All the Fuss – passion, horses and the Super Bowl

Bob and Jesse, 1992

Years ago I found myself standing amid a raging crowd, attempting to appreciate the finer points of car racing. It was an evening event, brightly lit, loud and confusing. It’s been too long to remember much more than the cloud of smoke that enveloped us, giving a supernatural quality to the lights. I recall struggling to get in the spirit of things, being overwhelmed by the noise, and feeling lost in the crowd.

Later at home, I looked in the mirror and noticed my face was covered with little black flecks which I guessed were either asphalt, or rubber, or a combination. I couldn’t help but wonder what all the fuss was about. Whatever had drawn the other people there that evening was eluding me, and that was the last time I ever ventured onto car-racing turf.

I never understood football either, but I can bring chips and dip and join in, cheering for whatever team my friends are rooting for. Ditto for other mystifying passions such as curling, pinterest, caviar, mountain climbing, organized religion, fishing and romance novels.

I find ways to pass the time during a football game. Often, pondering the similarities between gladiators and the grunting, heaving group of helmeted men scrambling on the field is enough to keep me entertained. I think about the cultural importance of ritual warfare, sometimes saying out loud, “This is a big deal! After all, our team is the only thing standing between them and our women.”

Once, during a televised match, I made a study of the advertising, discovering that 16% of the ads were for fast food, 25% about the television network and its programs, 9% for cell phones and so on. (Anatomy of a Ball Game January, 2006)

To be fair, most people don’t ‘get’ my obsession with horses, either. Every chance I get, I launch into a horse story, quickly losing my audience with terms like overcheck rein, navicular and grulla. It only takes about 15 seconds before my victim’s eyes begin to dart around the room, looking for escape exactly as I’ve seen many horses on the lunge line do.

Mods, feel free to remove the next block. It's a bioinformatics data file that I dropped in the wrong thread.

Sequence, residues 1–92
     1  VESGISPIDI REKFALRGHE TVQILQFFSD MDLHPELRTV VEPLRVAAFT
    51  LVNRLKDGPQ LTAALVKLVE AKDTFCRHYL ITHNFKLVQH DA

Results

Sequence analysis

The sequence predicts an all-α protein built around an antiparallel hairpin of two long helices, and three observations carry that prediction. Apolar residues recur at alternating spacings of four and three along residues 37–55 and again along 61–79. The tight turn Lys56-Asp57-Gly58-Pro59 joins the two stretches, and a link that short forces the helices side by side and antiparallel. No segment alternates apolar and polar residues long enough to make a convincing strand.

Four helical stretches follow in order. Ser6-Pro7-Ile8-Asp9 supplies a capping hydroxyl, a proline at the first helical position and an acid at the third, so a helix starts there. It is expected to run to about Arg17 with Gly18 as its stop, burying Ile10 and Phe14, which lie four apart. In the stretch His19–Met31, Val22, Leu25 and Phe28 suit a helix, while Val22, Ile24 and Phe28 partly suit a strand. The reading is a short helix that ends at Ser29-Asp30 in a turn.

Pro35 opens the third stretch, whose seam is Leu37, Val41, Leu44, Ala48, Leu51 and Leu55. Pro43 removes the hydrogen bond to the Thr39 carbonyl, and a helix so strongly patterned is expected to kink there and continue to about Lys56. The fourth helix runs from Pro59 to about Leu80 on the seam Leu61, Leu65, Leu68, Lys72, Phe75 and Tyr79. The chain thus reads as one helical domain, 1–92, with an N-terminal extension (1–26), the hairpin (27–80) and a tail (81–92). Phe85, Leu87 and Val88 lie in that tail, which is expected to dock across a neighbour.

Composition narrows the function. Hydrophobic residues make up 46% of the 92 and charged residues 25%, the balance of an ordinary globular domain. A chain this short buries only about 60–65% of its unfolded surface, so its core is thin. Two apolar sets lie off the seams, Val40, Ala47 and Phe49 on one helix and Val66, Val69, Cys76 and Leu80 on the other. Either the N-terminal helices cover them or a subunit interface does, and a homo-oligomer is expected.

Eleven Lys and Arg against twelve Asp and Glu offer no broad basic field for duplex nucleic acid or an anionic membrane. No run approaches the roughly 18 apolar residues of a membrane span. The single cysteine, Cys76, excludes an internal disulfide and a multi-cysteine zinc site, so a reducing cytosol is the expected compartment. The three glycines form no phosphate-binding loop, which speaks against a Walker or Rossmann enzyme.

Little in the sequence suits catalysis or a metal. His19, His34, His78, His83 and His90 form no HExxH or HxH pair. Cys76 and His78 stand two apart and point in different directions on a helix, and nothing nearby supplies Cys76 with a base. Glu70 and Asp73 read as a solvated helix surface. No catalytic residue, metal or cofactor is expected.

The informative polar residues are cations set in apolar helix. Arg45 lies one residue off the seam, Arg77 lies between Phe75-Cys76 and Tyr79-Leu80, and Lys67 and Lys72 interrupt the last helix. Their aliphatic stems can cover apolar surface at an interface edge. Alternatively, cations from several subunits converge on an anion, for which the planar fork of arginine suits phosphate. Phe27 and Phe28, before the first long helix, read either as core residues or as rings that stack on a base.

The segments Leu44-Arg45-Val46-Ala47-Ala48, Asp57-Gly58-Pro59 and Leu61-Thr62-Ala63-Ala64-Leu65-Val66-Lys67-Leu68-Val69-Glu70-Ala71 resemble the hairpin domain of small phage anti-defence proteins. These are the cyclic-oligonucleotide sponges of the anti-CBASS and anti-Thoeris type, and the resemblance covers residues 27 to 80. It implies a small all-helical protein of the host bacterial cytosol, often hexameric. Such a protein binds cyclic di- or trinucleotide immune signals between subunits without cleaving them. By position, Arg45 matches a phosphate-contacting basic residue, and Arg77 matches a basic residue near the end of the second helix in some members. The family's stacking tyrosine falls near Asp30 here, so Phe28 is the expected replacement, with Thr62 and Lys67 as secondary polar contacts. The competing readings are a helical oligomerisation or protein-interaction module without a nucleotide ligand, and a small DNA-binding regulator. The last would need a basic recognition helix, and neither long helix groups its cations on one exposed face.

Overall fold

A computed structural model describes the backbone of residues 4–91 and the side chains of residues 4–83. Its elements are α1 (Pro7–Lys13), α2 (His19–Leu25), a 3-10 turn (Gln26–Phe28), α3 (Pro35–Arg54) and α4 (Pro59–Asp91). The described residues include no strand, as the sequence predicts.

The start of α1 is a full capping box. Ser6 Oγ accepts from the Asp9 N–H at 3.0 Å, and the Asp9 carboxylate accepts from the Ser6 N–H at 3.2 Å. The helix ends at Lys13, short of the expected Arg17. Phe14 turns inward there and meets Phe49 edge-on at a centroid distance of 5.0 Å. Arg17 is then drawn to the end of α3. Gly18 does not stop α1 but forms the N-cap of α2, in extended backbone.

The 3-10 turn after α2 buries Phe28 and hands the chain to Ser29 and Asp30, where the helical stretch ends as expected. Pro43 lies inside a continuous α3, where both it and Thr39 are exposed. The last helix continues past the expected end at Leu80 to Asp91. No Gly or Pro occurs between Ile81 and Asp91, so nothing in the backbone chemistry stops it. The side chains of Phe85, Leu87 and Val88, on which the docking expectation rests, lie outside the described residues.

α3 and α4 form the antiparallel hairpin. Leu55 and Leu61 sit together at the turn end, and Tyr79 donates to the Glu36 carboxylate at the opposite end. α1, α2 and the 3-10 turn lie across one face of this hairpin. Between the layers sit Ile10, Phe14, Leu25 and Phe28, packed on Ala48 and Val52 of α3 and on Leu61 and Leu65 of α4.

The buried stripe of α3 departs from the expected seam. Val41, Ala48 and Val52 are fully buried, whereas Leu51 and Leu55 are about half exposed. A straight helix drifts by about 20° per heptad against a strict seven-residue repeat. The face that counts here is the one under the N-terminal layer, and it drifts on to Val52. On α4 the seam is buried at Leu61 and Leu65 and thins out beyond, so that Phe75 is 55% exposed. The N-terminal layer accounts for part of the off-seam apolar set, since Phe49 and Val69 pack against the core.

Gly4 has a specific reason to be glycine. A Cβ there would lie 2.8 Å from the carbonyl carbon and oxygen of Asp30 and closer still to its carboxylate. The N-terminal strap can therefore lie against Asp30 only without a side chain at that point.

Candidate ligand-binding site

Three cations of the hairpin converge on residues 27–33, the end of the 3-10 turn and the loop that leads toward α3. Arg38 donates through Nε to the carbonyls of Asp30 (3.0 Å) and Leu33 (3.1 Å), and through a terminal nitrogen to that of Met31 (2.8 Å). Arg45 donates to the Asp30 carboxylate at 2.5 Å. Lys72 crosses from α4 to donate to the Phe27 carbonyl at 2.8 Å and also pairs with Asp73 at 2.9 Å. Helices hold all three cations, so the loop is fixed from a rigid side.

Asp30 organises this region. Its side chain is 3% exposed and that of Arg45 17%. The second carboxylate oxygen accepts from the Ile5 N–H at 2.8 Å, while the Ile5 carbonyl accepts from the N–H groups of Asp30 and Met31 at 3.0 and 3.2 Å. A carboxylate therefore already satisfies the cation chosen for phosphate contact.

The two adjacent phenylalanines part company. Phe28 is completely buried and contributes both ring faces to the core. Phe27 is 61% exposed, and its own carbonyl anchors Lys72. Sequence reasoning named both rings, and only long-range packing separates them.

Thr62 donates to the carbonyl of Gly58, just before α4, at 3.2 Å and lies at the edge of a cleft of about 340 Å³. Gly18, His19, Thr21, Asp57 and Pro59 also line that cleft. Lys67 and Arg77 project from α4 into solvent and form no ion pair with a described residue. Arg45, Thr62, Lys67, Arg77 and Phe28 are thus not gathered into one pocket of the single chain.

I try to rope them in with the story about how Jesse liked to eat his corn across the cob, while Penny preferred to eat around the cob, but it’s too late. I can see they are already thinking about their new drapes or what their kid said on the way home from school.

Mahlon, Camille and Bob toast the kick-off of the Bronco’s first game of the season on September 10, 2006.

The whole horse thing is about so much more than just riding, or shoveling manure. It’s about the bond between human and animal, the freedom of flying effortlessly across green pastures and the secret world of dusk and dawn when hungry horses lure you outside.

I love the gentle swish of tails on quiet summer afternoons in the shade of a big tree. I have idled away countless hours watching an ultra-soft muzzle maneuver wisps of grass into a giant mouth with 2,000 psi grinding capacity. The footage of Rembrandt’s gold medal dressage performance in the 1992 Barcelona Olympic Games will always put a lump in my throat and no matter which handsome actor is galloping across the movie screen, I only have eyes for his steed.

But to an outsider, horses seem expensive, smelly, dangerous and a lot of work. All this fuss for saddle sores, gnawed fence boards, vet bills, busted ribs and broken toes? No thank you.

At the end of the day, a passion can only be truly understood by those who share the same passion. The rest of us are sideliners. Today is Super Bowl Sunday, when more than 100 million people will watch the greatest football game of the year. The rest of us will bring the dip.

By Camille Armantrout

Camille lives with her soul mate Bob in the back woods of central North Carolina where she hikes, gardens, cooks, and writes.

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